Member’s Bills drawn

Today, there was a ballot at Parliament for two Member’s Bills – they get drawn by a Lotto-style “numbers in a bucket” system as there are always many more MPs outside the Cabinet wanting to progress legislation than there is time in Parliament to deal with their Bills.

I had high hopes for a Green Member’s Bill to be drawn. The Greens had 14 Member’s Bills in the ballot, out of a total of 40, so the odds were pretty good to get at least one.  In the context of the proposed SOE partial privatisations and the Overseas Investment Office decision on the Crafar Farms sale, I would have really loved Russel Norman’s Overseas Investment (Restriction on Foreign Ownership of Land) Amendment Bill to be drawn.

Sadly, that was not to be the case, and none of the 14 Green MPs’ Bills will see the light of day until at least the next ballot. The Bills that were drawn were new Labour MP David Clarke’s Holidays (Full recognition of Waitangi Day and ANZAC Day) Amendment Bill which was under Grant Robertson’s name before the election, and new National MP Simon O’Connor’s Joint Family Homes Repeal Bill.

Neither appear to be controversial from a Green perspective. David Clark’s Holidays Amendment Bill would “Mondayise”  Waitangi Day and Anzac Day for the purposes of the Holidays Act, meaning when the observation of those days falls on a Saturday or Sunday, the following Monday would become a public holiday. That is consistent with Green policy on work-life balance. Last year, because both Waitangi Day and Anzac Day fell on  weekends, workers got two days less holiday than usual.

Simon O’Connor’s Joint Family Homes Repeal Bill seems to have been a long time coming. The Law Commission recommended as long ago as 2001 that the Joint Family Homes Act 1964 be repealed, as almost all of its provisions were redundant, given subsequent legislation. I am curious as to why neither Labour or National led Governments have progressed that recommendation until now, when it finally surfaces not as a Government Bill, but as a Private Member’s Bill.

The Green Party caucus is yet to consider either of the Bills, and at there may be a few technical issues to be addressed at least with the Joint Family Homes Act repeal one.  But they both look sensible suggestions in principle, so I hope Parliament gets on to progress them promptly so other Member’s Bills get a chance to be debated.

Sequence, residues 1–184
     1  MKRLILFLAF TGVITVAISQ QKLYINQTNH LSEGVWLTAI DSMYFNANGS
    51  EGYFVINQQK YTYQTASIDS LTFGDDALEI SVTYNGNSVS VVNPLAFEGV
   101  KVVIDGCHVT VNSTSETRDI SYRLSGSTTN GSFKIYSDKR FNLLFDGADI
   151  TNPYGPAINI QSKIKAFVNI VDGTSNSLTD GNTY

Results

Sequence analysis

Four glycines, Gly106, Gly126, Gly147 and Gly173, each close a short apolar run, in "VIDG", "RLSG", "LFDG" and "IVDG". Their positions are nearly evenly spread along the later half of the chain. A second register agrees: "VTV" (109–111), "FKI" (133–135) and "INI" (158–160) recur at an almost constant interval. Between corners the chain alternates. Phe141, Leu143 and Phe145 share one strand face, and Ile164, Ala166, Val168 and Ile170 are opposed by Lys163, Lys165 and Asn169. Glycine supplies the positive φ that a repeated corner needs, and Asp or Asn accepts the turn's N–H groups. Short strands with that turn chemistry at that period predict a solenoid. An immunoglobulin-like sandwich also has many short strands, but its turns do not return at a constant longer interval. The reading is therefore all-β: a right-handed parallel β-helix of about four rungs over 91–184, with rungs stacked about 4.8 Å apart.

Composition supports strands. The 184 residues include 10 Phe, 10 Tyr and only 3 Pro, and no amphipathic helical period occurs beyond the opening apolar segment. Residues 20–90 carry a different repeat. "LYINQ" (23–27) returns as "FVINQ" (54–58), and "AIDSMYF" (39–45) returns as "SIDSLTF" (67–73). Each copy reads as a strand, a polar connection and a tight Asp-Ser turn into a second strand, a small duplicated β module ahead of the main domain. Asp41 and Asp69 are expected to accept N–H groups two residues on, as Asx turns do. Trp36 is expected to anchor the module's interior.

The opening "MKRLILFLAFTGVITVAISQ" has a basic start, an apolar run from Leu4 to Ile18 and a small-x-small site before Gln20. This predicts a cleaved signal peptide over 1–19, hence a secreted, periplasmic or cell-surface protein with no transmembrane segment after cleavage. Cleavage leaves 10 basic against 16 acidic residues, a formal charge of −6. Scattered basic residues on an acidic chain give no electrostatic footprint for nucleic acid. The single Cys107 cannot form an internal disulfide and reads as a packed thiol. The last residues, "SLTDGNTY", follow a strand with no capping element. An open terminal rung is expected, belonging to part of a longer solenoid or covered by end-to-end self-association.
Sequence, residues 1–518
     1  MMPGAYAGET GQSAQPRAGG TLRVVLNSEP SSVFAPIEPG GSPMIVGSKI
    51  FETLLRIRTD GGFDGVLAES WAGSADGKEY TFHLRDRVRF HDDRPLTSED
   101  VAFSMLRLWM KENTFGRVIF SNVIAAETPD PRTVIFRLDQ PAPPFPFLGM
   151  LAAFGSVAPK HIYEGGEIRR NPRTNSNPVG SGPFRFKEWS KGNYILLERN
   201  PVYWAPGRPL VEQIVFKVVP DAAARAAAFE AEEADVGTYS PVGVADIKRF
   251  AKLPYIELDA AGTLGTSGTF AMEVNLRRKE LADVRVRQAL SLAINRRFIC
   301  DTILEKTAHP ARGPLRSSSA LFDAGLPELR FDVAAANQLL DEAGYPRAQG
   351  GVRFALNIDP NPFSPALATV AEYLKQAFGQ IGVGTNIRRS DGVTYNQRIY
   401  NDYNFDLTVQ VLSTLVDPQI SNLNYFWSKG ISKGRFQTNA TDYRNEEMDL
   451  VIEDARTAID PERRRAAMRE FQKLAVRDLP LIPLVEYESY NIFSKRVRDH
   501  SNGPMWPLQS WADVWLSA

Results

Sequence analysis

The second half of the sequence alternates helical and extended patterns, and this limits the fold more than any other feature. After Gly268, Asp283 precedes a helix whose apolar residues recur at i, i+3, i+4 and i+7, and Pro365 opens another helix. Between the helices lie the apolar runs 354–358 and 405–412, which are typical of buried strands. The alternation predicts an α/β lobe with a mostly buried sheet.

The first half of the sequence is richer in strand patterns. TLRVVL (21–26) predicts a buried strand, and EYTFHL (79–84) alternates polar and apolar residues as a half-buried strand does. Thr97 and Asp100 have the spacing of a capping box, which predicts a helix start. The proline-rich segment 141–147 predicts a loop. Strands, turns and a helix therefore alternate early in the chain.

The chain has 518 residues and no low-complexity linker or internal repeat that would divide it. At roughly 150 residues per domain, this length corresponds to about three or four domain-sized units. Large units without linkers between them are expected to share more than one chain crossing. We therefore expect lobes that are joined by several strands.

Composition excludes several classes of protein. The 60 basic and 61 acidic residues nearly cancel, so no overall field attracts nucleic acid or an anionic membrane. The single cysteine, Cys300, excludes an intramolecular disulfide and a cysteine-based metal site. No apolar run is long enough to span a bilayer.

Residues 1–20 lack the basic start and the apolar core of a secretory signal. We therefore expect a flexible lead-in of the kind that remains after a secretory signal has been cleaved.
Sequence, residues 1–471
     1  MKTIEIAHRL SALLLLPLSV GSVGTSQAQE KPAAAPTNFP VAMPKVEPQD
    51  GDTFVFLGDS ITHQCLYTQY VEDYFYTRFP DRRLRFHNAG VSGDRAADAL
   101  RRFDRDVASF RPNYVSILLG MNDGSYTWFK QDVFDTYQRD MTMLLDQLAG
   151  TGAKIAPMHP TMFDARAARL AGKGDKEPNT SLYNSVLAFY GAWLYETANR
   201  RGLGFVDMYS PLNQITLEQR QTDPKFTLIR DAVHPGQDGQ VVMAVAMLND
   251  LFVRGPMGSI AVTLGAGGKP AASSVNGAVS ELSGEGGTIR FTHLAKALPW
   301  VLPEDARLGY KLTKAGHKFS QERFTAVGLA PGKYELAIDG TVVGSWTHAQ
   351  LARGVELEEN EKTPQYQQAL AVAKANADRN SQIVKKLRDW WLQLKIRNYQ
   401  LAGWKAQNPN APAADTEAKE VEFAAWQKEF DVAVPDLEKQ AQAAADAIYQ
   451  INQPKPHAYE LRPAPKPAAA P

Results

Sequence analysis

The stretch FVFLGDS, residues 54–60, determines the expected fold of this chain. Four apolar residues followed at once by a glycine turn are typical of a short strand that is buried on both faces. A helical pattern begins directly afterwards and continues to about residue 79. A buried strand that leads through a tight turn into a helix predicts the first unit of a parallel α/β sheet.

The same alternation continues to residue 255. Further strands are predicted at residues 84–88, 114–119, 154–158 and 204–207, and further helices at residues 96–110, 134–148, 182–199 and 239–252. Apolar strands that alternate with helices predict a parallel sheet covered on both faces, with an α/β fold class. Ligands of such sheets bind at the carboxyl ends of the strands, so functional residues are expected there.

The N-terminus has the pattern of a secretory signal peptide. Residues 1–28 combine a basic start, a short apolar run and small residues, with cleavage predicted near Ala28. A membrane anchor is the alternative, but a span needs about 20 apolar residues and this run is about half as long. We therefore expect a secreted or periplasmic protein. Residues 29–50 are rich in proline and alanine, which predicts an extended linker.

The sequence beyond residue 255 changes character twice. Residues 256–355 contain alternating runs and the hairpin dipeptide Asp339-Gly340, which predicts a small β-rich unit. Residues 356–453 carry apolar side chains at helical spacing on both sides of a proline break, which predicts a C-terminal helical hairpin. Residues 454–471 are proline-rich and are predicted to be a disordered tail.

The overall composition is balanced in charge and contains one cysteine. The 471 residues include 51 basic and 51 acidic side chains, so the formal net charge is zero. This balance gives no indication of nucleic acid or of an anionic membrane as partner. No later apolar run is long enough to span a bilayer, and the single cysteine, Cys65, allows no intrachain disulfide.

6 Comments Posted

  1. Surely being in Opposition means OPPOSING their agenda

    Not as it once was; now there are only shades of gray differences between the parties involved rather than the primary colours that there once were.

  2. I hope this new parliament will actually offer some active opposition to this 2nd Key/Nat Govt.

    I was amazed that in the last 3 years, N-Act opposed much of the ‘oppositions’ bills & yet Labour often voted with the Key-party.
    It was mainly the Greens & Mana that usually voted against the Govt. bills !

    Surely being in Opposition means OPPOSING their agenda !?

    Keep up the good work Greens


  3. Yes, they do, Trevor. But I suspect the object of O’Connor’s Bill is to take up Member’s Bill time with things that are not controversial, and by doing so deny MPs from Opposition parties the opportunity to promote Bills that the Government opposes.

  4. Doesn’t the government have the option of adopting any of these bills, so they no longer count in the ballot, allowing another bill to be drawn? If neither are particularly controversial, why shouldn’t the government back them?

    Of course, Key and Co may not want to see any of the other waiting bill drawn…


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